There are three major paths of return. First there is the path of the heart where we are pulled to God by His Infinite Love. This love motivates us to change our lives. It awakens within us a powerful devotion. This devotion gives us the strength to overcome the obstacles along our path. Even if we do not understand the reasons for the difficult choices that we need to make, or the painful experiences that we must undergo, our profound love for God nonetheless carries us through to our goal.

The second method is the path of the mind. Initially, we use our intellect to determine the qualities that we need to further our spiritual growth. Next, we think the matter through and decide which activities will develop these missing attributes. Then, we actively pursue a course of action that will incorporate these activities into our lives. Even if we have no natural inclination for the desired qualities, we push ourselves to act as if we do. We keep up with the appropriate behavior until the positive attributes become a natural part of our character. In this manner, we fulfill the difficult work of self-transformation and teshuvah.

In the third path, the focus is on the will. We ascertain what needs to be done, and then we force ourselves to do it. We neither reason things out nor awaken a powerful devotion. We simply establish our objectives and then take control of our personality. By a sheer act of will, we mold ourselves into the desired form, obliterating the unwanted qualities from our character, while simultaneously thrusting the desired attributes to the fore.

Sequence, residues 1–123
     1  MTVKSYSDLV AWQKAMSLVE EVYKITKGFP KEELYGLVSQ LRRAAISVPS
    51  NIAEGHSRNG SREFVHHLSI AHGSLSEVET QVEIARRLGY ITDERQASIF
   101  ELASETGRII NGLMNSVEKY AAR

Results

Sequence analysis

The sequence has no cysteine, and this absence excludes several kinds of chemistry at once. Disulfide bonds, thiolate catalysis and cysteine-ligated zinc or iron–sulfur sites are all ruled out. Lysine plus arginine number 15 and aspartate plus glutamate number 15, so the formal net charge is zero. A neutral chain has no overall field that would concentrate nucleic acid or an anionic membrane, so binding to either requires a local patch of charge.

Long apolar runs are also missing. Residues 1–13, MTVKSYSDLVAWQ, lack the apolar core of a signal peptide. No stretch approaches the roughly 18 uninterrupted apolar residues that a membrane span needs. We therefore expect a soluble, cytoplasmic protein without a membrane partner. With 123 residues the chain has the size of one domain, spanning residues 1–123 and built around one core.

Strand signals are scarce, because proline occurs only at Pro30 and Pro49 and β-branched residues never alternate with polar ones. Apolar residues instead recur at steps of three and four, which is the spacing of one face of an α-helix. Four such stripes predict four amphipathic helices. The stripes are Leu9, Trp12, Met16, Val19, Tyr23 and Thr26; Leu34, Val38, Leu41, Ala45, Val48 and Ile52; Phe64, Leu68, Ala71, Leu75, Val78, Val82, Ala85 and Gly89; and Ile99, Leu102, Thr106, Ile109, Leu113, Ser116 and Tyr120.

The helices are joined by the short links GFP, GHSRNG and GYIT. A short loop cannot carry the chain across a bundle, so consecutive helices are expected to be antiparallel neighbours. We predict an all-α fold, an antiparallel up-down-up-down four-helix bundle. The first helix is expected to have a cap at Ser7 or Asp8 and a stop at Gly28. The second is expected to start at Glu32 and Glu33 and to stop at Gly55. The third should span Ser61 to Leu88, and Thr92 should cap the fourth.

According to Rebbe Natan, there are more than just the three paths of teshuvah outlined above. There are, in fact, ten pathways to teshuvah. Each path is connected to one of the ten sephirot or spiritual centers. Each of the methods resonates with one of the ten energies of the kabbalistic Tree of Life. Each of the energies is associated with a specific Divine attribute or state of consciousness.

Each of us needs to find the path that is appropriate for our nature. Each of us needs to discover the route that will lead us onto the road of return. The path of return for one person is not suitable for another. Yet all of us will pass through the dual process of transformation and rebirth. All of us will one day return home.

Not only there are different paths of teshuvah for different people, there also are separate aspects of teshuvah which play a central role during each time period. Each time period has its own specific emanation of spiritual energies. Each day reflects a particular combination of the sephirot.